Johns Hopkins announces honorary degree recipients for 2018
A groundbreaking filmmaker, the head of one of the nation's investment bedrocks, a Baltimore civic leader, a trailblazing neuroscientist, a justice crusader, and a businessman who has left an indelible mark on the university will receive Johns Hopkins University honorary degrees this year.
The recipients of the honorary degrees, which will be conferred at commencement on May 24 at Royal Farms Arena, are:
David H. Bernstein: A businessman, philanthropist, and trustee emeritus of both the university and Johns Hopkins Medicine, Bernstein received his bachelor's degree in political science from the Krieger School in 1957. In 1966 he became president of Baltimore's Samuel Meisel and Company, and transformed it into Duty Free International, which, by the time of his retirement in 1992, had become the leading operator of duty-free stores along the U.S. borders with Canada and Mexico and in international airports. Bernstein is now a consultant with the International Association of Airport Duty Free Stores, the industry organization he presided over for 18 years. He is also one of the owners of the Baltimore Orioles. At Johns Hopkins, he has supported scholarships, construction, an annual lecture series, the men's lacrosse team, and several endowed professorships.
Mellody Hobson: Hobson is the president of Ariel Investments, one of the country's largest African-American–owned investment firms. Her team manages more than $13 billion in assets. An expert on finance, the markets, and economic trends, she is a regular contributor and analyst for CBS News and contributes weekly money tips on the Tom Joyner Morning Show. She also writes a column for Black Enterprise magazine. She is a board member of the George Lucas Educational Foundation and serves as chair of After School Matters, a nonprofit that provides Chicago teens with high-quality, out-of-school-time programs. She serves on the board of directors for the Estée Lauder Companies Inc., JPMorgan Chase & Co., the Starbucks Corporation, the Chicago Public Education Fund, and the Lucas Museum of Narrative Art. Hobson was named to Time magazine's annual list of the 100 most influential people in the world.
George Lucas: A director, producer, screenwriter, and special effects innovator, Lucas is best known for the Star Wars and Indiana Jones franchises. Before Lucas, science fiction and fantasy movies weren't big moneymakers, but in 1977, the blockbuster film Star Wars broke the mold, grossing $775 million worldwide, winning seven Academy Awards, and launching a saga that delights audiences today. His company Lucasfilm Ltd. developed cutting-edge special effects, sound, and computer animation. In 2012, he sold Lucasfilm to the Walt Disney Co., enabling him to dedicate more time to his role in the George Lucas Educational Foundation, which he founded in 1991. Driven by Lucas' own disappointing experiences as a young student, the foundation promotes innovative, replicable, and evidence-based programs and practices that prepare students to thrive in school.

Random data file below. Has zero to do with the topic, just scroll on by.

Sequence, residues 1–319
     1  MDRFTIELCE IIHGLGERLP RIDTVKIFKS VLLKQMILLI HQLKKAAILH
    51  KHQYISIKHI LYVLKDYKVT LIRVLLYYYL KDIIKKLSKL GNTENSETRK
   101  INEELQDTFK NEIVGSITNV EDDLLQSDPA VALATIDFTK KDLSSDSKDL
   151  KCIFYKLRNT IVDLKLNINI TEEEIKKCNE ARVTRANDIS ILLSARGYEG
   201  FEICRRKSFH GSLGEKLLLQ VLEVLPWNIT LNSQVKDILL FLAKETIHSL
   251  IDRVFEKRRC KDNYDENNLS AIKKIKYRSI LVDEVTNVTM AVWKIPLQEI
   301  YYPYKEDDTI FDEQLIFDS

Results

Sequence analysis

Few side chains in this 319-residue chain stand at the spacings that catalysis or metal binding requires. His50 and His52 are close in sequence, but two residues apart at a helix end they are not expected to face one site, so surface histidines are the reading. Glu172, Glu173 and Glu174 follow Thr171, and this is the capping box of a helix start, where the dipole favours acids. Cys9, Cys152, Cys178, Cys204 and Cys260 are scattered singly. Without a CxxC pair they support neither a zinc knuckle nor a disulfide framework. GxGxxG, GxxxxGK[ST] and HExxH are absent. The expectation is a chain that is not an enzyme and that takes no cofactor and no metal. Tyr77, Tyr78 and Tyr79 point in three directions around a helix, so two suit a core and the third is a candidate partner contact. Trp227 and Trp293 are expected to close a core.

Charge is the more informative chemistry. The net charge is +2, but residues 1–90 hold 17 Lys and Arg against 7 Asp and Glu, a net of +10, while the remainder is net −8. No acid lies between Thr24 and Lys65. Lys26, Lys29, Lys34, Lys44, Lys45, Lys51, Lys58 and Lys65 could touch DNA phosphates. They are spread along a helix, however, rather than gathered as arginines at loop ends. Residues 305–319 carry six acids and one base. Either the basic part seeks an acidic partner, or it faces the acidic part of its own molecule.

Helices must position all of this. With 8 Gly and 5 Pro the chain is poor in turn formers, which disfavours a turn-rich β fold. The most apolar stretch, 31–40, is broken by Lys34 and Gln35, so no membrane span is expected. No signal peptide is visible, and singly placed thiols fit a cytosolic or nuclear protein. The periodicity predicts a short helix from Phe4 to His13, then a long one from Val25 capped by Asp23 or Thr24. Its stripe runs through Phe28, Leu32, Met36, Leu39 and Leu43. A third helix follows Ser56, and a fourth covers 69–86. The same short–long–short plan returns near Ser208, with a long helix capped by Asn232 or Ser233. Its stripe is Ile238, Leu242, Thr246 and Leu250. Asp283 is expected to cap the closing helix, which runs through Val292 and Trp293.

Bishop Douglas Miles: Miles is a Baltimore civic leader and a Johns Hopkins University alumnus who has dedicated his life to fighting for social justice in his hometown. When Miles enrolled at Johns Hopkins in 1966, he was one of only 14 African-American students at the university. He was among a group of black students on campus who urged the administration to hire more African-American faculty. In 1968, they established the Black Student Union. After receiving a bachelor's degree in humanistic studies in 1970, he went on to found the Koinonia Baptist Church with his wife, Rosanna, in 1992. He is co-chair of a nearly 40-year-old community-organizing group called BUILD, short for Baltimoreans United in Leadership Development. He is a key partner in university initiatives including HopkinsLocal and BLocal.
Solomon H. Snyder: A Distinguished Service Professor of Neuroscience, Pharmacology, and Psychiatry at the Johns Hopkins University School of Medicine, Snyder is known for figuring out how the brain receives and transmits messages—a discovery that has been translated into therapies for psychiatric disorders, pain, and strokes. Snyder began his tenure at Johns Hopkins in 1965 as an assistant resident in psychiatry. In 1966, he joined the Hopkins faculty, becoming the youngest full professor in the university's history. In 1980, he founded the School of Medicine's Department of Neuroscience, which was renamed the Solomon H. Snyder Department of Neuroscience in 2006. His honors include the Albert Lasker Basic Medical Research Award, the National Academy of Sciences Award in the Neurosciences, and the National Medal of Science.
Bryan A. Stevenson: As founder and executive director of the Equal Justice Initiative in Montgomery, Alabama, Stevenson, who is also this year's commencement speaker, works to challenge the legacy of racial discrimination and poverty in the American criminal justice system. He and his team have freed, or won reduced sentences for, more than 125 wrongly condemned death row prisoners. Stevenson is also a professor of law at the New York University School of Law. He was awarded a MacArthur Fellowship and the National Medal of Liberty from the American Civil Liberties Union. In 2015, he was named to the Time 100, recognizing the world's most influential people. His book, Just Mercy, was a New York Times best-seller.
"This year's class of honorees exemplifies the determination and imagination required to make a lasting impact, not only in their fields, but in our world," university President Ronald J. Daniels said. "Visionary leaders, thinkers, and creators, they have transformed ideas into action and inspired generations. I am delighted to recognize them with an honorary degree from Johns Hopkins, a community that celebrates such courage, creativity, and optimism."